Biden’s aides have indicated that he would replace Pack, who has ordered a series of sweeping changes that have shaken up VOA and sister agencies, such as Radio Free Europe/Radio Liberty, the Office for Cuba Broadcasting and Radio Free Asia.
People who work at news agencies under Pack’s supervision say his resistance is an open act of defiance against the incoming administration. Although Biden hasn’t named a replacement for Pack, his nominee probably would undo Pack’s changes.
Trump’s nomination of Pack — a documentary filmmaker whose work, such as a profile of Supreme Court Justice Clarence Thomas, has embraced conservative themes, — was held up for nearly two years by objections from Senate Democrats and some Republicans. Trump finally broke the logjam in April by launching an extraordinary attack on Voice of America, saying it was spreading foreign propaganda, and pressuring Republicans to confirm his nominee.
USAGM oversees an array of international broadcasters and news organizations that disseminate news and commentary to more than 300 million people per week, primarily in countries that suppress domestic news sources. Pack’s critics have repeatedly said his operational and administrative changes since taking office were designed to turn the broadcasters into mouthpieces for Trump’s policies and initiatives — the very thing that the networks are supposed to counter around the world.
Pack has asserted the right to breach the "firewall" that protects VOA and related agencies from interference by political appointees, effectively making himself the arbiter of news coverage. He said the firewall rule passed by his agency's board of directors just before he took office was based on "flawed legal and constitutional reasoning" and made USAGM "difficult to manage."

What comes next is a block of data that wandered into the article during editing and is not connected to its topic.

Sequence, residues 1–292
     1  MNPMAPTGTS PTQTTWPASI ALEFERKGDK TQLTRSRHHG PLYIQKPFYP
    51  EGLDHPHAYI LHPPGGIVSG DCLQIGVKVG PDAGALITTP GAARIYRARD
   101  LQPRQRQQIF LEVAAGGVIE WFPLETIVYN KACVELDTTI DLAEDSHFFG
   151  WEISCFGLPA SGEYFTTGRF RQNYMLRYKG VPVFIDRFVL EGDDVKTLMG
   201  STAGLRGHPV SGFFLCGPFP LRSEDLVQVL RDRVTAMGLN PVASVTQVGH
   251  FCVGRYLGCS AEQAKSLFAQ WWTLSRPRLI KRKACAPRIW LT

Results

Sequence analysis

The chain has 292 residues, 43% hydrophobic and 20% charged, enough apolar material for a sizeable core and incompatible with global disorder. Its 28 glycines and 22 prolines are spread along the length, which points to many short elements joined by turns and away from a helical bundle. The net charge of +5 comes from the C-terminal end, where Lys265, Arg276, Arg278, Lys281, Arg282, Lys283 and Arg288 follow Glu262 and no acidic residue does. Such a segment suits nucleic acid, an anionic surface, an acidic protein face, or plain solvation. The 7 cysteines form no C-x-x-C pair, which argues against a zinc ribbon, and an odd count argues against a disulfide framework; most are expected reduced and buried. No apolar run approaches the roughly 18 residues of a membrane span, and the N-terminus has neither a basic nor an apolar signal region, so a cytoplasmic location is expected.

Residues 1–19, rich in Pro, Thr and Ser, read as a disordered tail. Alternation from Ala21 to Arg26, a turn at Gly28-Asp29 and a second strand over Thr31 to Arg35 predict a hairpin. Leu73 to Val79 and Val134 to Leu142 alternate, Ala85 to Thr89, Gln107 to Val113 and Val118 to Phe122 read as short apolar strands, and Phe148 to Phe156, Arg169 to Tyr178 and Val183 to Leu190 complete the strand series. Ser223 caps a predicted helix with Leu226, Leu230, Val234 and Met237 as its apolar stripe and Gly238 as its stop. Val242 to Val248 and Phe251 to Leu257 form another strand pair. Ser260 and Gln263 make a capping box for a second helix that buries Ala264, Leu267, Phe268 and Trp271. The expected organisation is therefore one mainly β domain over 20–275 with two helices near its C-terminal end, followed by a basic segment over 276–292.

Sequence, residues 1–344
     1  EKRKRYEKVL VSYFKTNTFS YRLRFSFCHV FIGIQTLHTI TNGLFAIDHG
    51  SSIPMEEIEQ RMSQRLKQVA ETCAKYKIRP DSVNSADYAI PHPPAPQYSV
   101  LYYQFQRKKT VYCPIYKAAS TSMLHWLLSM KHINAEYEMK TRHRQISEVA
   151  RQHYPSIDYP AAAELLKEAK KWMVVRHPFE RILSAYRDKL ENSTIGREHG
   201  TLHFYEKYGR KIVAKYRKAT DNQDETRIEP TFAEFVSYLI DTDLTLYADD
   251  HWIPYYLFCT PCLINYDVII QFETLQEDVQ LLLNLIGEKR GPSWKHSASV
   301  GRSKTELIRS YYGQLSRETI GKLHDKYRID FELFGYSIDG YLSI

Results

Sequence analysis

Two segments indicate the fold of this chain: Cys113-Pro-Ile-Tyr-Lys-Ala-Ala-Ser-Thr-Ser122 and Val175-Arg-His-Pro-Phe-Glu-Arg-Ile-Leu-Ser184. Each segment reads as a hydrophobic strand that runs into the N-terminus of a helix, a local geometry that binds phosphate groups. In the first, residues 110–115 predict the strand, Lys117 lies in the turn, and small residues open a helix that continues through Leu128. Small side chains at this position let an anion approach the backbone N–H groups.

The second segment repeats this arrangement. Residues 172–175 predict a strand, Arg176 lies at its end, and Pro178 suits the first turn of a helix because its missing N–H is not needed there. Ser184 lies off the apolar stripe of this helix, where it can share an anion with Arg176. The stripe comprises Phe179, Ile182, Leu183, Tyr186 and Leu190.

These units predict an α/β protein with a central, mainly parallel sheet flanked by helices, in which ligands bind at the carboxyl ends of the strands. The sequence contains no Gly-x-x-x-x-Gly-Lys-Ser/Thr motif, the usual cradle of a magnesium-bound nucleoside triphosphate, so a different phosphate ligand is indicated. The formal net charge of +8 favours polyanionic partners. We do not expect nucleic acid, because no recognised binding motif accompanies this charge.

Among his first acts was to fire or suspend the heads of each of the broadcasting networks under his supervision, as well as senior managers at USAGM, who subsequently filed a whistleblower complaint and lawsuit against him. He has declined to renew expiring visas of foreign journalists employed by VOA, citing unspecified “security” concerns. He also launched an investigation of VOA’s White House bureau chief, Steve Herman, over alleged bias in his reporting; the investigation did not result in any public findings or disciplinary action.
A federal judge last month handed Pack a stinging rebuke, issuing injunctions that prohibit him from making personnel decisions involving journalists at the networks; from directly communicating with editors and journalists employed by them; and from investigating any editors or news stories produced by them.
In the past month, as Trump has asserted that Biden’s election victory was tainted by fraud — a claim that has been rejected by judges who have thrown out dozens of lawsuits filed by Trump’s campaign or his allies — some federal agencies have been slow to cooperate with Biden’s transition teams. At the Defense Department, chief of staff Kash Patel has blocked some career officials and experts from giving information about defense issues to the transition team. A similar foot-dragging response seems to be playing out at USAGM, according to people familiar with the situation who spoke on the condition of anonymity because they’re not authorized to comment.
Among other things, Pack has instructed associates not to discuss his agency’s operations, budget and personnel with Biden’s transition team, as transition officials have requested, these people said.
Biden’s team has asked USAGM’s management and the heads of its networks to prepare three-to-five-page memos that detail current operations, personnel and budget information, policy and regulatory priorities, covid-prevention steps and technology issues, among other topics. It has also requested interviews with 32 officials and employees, including Pack and VOA’s Herman.
Richard Stengel, who is leading Biden’s USAGM transition, declined to comment, as did the transition’s spokesman, Ned Price.
As a practical matter, a late start in gaining access to information could slow the Biden administration oversight of USAGM.
In a response received after this story was published online, a USAGM spokesperson wrote via email, “USAGM has provided hundreds of pages of requested documents to the Biden-Harris transition team, held several meetings with the team — and has more scheduled — and is working transparently and cooperatively with the transition as required by law.”
Stengel, the former editor of Time magazine, already has some institutional knowledge and experience. As a State Department official in charge of public diplomacy and public affairs during the Obama administration, Stengel was frequently in contact with the agency’s board of directors. When VOA’s former editorial director, Amanda Bennett, resigned just before Pack assumed office, he tweeted praise for her.
This story has been updated.